4 Exercise Bike Mistakes Most People Make—and How to Fix Them
Adopt these simple strategies for a more effective, safer cycling workout.
Workout trends come and go—the vibrating belt, Jazzercise, and Tae Bo, to name a few. But indoor cycling has stood the test of time, thanks in part to the rise in virtual classes that allow you to sweat in your basement.
Streaming a class or doing your own cycling workout at home certainly wins points for convenience, but there’s a potential downside: It’s a whole lot easier to go on autopilot when no one is around to check your form (or you’re catching up on your favorite show while you pedal). But that doesn’t mean missteps don’t happen at the gym—they do!
Wherever you hop on an exercise bike, make sure you don’t diminish your results—or up your injury risk—by making these common mistakes.
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Exercise Bike Mistake #1: Your Seat Is Too Low
Most people—especially those new to cycling—set their seat far too low, which can end up causing knee pain, says professional cycling coach Garret Seacat, C.S.C.S. The lower you sit, the more your knee has to bend with every pedal stroke. And too big of a bend can risk overuse injury, he says.
Sitting too high can also be problematic, as your knees should never completely straighten when cycling. There should be a slight bend—about five to 10 degrees—in your extended leg’s knee at the bottom of your pedal stroke.
The fix: Before you get on your bike, stand next to it and adjust the seat so that it’s even with your hipbone, says kinesiologist Jake Harcoff, C.S.C.S.
Then, hop on the bike, but don’t clip your feet into the pedals or put them in the cages right away (if you have the option). Push all the way down with one leg, aiming to get your knee completely straight. To reach full extension, you should have to flex your foot and drop your heel, Seacat says. When cycling, you stay on the balls of your feet, so if you have to really flex your foot to completely straighten your leg, it means you’ll have the right amount of bend in your knee when pedaling.
A good sign you’re at the appropriate height: When you take your feet off the pedals, only your toes touch the floor. Any more means you’re sitting too low. Can’t touch at all? You’re too high.
Exercise Bike Mistake #2: You Lean Too Far Forward
Join any in-person or virtual cycling class, and you’re guaranteed to see a few people leaning over the handlebars. Don’t follow suit.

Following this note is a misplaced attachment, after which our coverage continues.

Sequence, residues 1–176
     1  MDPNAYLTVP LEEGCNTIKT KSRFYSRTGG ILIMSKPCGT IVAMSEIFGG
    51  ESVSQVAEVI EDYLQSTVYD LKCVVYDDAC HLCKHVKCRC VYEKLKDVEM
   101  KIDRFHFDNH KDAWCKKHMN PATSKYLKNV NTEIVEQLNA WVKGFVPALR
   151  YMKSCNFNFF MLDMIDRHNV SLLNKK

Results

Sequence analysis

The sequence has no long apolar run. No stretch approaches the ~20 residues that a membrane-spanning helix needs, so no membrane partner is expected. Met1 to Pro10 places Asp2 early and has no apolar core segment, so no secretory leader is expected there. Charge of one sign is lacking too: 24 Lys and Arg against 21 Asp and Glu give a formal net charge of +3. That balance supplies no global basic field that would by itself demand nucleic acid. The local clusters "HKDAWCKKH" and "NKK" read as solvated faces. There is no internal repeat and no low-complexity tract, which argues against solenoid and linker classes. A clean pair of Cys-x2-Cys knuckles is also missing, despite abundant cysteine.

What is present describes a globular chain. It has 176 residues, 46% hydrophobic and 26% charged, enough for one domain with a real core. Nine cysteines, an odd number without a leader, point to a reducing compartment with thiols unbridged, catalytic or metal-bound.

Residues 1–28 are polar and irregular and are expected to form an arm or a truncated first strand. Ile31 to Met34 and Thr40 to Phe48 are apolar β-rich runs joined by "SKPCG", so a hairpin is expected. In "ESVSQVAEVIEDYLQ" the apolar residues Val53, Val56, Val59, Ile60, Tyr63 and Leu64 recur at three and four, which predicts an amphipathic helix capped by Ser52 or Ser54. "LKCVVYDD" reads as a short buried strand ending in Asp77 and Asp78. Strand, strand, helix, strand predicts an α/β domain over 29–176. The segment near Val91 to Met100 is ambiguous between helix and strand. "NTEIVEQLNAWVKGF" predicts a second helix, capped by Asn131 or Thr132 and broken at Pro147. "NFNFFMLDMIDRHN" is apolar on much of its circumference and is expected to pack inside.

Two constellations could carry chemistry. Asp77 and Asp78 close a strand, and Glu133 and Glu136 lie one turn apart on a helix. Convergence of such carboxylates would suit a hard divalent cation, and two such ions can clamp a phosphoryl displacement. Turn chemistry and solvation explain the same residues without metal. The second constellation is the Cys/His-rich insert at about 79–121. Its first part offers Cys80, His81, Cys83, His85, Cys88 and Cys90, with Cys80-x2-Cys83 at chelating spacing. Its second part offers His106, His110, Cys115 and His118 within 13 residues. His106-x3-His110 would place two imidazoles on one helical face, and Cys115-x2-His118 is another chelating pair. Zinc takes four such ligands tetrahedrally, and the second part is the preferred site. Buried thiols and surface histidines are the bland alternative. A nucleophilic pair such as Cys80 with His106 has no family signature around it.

Only very experienced cyclists should use this form, Harcoff explains, and it’s usually a no-no for older adults. Why? When you lean over, you force your wrists and elbows to support a lot of your weight–and that can cause or aggravate joint issues. Plus, when your upper body is nearly parallel to the floor, the pull of gravity on your back can trigger lower-back pain.
The fix: Ride with your upper body as tall as possible–like there’s a string pulling the crown of your head toward the ceiling, Harcoff says. In this position, you should still be holding the handles, but they shouldn’t be supporting any of your weight.
If you have trouble getting into the proper position, try moving your seat horizontally closer to your handlebars. It may take some trial and error, but once you figure out where your seat needs to be to allow you to hold on while sitting up tall, lock those settings in place!
Exercise Bike Mistake #3: You Overdo it or You’re Just Spinning Wheels
“When first starting out, most individuals will attempt a workout that’s far too intense or they’ll just sit and spin their legs with no resistance,” Seacat says.
Both scenarios are problematic. Going too hard too soon risks inflaming your body’s tendons and ligaments, while idling by won’t give you the full strength or cardio benefits you’re probably after.
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The fix: “Ride at an intensity that makes it hard for you to complete more than two sentences without having to catch your breath,” Seacat says. “If you can’t say more than a couple words, chances are you’re going harder than you can maintain for very long. If you feel like you could tell an entire story, you’re riding too easy.”
Finding that sweet spot—a 5 or 6 on a scale of 1 to 10—will help you get a great aerobic workout, he says.
Exercise Bike Mistake #4: You Think Seat Discomfort Is Par for the Course
Getting used to a bike seat usually involves some discomfort, but it should never be painful. Unfortunately, a lot of riders just push through, thinking groin pain and saddle sores are simply something they have to deal with. Workouts are far less enjoyable as a result, plus you can risk worsening or infecting developing sores.
The fix: Invest in some bicycle shorts, Seacat says. The right gear is designed to prevent problems exactly like this—true bicycle shorts have padding in them to help cushion pressure points in your lower body and keep things more comfortable. To reduce the risk of chafing, Seacat recommends not wearing underwear with the shorts.
If you develop any skin irritation or sores, clean them thoroughly and take a break from cycling until they calm down. If they’re reluctant to heal or you have type 2 diabetes, talk to your doctor about whether you may need a prescription antibiotic or any other steps you should take to prevent worsening infection.
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